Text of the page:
This is related to the question above. Handheld GPS units typically come with one of three different types of mapping software: proprietary mapping software, third-party mapping software or waypoint management software. It is best to study the features of each of these types of mapping software in-depth before you decide on a receiver to purchase.

What kind of memory do you need?

This depends on how you will be using your GPS. If you are going to be storing a lot of routes, or you are going to be taking pictures, then you probably should look for a device which offers you plenty of storage space. Otherwise, you may not need as much. Note that your data will be held in flash memory, which means that even if you have to change your batteries while you were out in the field, your data will stay protected.

Recommended Features For Handheld GPS

Ease-of-use

As with any other device that you use often, ease-of-use is important to look for. Some models even allow you to customize your menus.

Color display

Most GPS receivers include color screens, but some are black and white, which reduces their cost. It is much easier to read maps on a color display.

Memory

If you will need to store a large amount of map data, routes and waypoints, then you will want to look for a device with a high memory capacity.

Additional navigational aids

Some more advanced models of GPS include additional navigational aids such as a barometric altimeter (which can tell you your altitude) and an electronic compass (which can tell you which direction you’re facing).

Additional sensitivity tools

If you want the best reception, you can purchase a model which features a high-sensitivity chipset and a quadrifilar helix antenna. You may find these features helpful if you will be using your GPS in particularly remote locations.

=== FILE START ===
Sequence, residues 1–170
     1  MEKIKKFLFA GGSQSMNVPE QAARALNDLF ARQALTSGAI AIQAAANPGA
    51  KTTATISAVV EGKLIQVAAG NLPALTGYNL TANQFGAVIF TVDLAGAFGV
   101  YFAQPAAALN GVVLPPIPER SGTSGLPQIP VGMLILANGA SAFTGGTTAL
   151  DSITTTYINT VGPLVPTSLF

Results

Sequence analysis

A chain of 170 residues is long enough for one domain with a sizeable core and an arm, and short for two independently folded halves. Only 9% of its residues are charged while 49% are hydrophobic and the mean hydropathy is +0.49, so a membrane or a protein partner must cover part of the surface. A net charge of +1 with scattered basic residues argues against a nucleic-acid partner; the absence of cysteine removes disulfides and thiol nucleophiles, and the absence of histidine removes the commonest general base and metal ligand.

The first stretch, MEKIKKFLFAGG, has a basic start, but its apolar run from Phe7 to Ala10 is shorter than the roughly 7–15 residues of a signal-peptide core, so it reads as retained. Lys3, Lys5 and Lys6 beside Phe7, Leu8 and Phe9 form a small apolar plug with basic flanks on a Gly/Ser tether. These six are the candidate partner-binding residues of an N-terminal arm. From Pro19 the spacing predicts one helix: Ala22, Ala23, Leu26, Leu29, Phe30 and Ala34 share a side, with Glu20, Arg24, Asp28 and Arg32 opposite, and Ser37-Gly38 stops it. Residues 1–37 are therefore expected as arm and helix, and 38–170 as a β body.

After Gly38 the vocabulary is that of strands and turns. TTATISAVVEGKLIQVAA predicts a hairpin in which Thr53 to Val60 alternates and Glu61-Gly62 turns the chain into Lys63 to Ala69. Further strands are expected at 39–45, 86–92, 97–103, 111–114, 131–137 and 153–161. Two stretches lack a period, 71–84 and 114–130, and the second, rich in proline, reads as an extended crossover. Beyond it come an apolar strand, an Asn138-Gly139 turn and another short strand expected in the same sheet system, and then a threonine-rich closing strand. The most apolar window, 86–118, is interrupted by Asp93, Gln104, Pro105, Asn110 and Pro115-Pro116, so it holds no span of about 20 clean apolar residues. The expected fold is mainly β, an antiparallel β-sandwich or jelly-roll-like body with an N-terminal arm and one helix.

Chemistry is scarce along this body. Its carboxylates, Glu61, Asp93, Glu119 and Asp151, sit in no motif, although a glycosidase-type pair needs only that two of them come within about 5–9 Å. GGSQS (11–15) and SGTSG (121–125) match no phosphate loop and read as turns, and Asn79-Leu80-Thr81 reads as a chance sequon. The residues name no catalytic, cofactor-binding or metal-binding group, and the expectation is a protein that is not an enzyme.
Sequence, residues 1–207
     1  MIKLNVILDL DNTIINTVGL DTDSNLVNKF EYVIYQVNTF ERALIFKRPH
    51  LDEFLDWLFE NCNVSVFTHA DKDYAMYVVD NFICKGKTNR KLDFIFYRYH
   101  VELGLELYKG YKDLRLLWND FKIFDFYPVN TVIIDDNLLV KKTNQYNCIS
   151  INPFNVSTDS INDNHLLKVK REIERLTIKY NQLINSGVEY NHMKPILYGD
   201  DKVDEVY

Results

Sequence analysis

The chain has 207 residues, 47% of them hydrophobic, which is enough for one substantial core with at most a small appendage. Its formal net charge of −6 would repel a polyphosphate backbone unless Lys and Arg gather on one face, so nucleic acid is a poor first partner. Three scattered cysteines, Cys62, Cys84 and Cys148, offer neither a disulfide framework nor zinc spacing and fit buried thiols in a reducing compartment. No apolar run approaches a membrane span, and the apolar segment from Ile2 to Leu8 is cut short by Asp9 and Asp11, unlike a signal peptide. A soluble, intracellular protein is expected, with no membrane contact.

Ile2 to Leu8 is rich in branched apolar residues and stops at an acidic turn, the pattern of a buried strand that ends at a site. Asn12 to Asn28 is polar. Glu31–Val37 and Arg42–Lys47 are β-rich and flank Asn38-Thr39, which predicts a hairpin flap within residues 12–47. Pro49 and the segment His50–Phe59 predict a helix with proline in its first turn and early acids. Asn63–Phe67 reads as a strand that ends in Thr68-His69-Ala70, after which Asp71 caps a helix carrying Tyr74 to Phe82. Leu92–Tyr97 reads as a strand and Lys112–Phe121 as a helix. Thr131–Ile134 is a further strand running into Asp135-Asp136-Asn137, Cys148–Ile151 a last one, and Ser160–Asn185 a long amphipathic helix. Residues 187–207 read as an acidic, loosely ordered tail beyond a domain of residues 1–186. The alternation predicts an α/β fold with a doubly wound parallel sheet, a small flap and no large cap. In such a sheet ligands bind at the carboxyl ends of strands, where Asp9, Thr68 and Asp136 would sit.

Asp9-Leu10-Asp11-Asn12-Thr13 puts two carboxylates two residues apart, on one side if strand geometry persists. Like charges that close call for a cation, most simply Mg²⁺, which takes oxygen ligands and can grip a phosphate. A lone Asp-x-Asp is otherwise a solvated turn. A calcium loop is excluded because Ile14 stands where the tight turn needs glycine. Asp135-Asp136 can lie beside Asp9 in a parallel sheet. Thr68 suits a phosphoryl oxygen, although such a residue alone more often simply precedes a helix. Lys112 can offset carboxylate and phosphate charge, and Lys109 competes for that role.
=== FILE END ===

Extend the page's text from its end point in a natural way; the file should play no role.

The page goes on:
Extra bells and whistles

Some higher-end GPS receivers include support for mapping software, wireless data transfer, a digital camera, or even a two-way radio fully integrated. As these features can increase price while draining your battery, we recommend you only purchase a device with these extras if you really need them.

Geocaching features

If you do a lot of geocaching, you might want to consider a handheld GPS which can download all the data and display it for you. This prevents you from having to print it out or write it down by hand. Ultimately, it will save you a lot of time.

Battery life

Look for a receiver which will offer you long battery life, or even the option to choose between rechargeable and disposable batteries. If you require a device which includes power-draining extras, remember to disable those features when they are not in use. This will prolong your battery life.

Now you should be ready to shop for a handheld GPS receiver. Think about the features which are most important to you, then scroll back up to the top of the page to check out our comparison chart for top products.

Garmin GPSMAP 64st: the Hunter’s Helper

Garmin GPSMAP 64stThe GPSMAP 64st can grab a GPS signal in the most remote locations. Also, the screen looks sharp in both sunlight and low light environments. It also has a nifty built-in hunting/fishing calendar.

Good

  • Good for hunting in cold weather. Thanks to its button-centric interface, it’s easy to operate the GPSMAP 64st while wearing winter gloves.
  • Screen looks good in low light. The 64st’s screen looks good in both direct sunlight and low light conditions.
  • Excellent battery life. You can get up to 16 hours of intense use out of a single charge, which is more than enough to get you through an all day hunt.
  • The map is super detailed. Even small country roads appear on the map.
  • Built-in hunting/fishing calendar. If you’re unsure about the beginning of hunting or fishing season, just check the calendar.
  • Great signal strength. The 64st has no trouble grabbing a GPS position in dense forest environments.
  • Surprisingly accurate. Some handheld GPS units only give you an approximate location, but the 64st is always on point.

Bad

  • The 64st’s small screen packs a lot of info into a small space, but it’s not for everyone.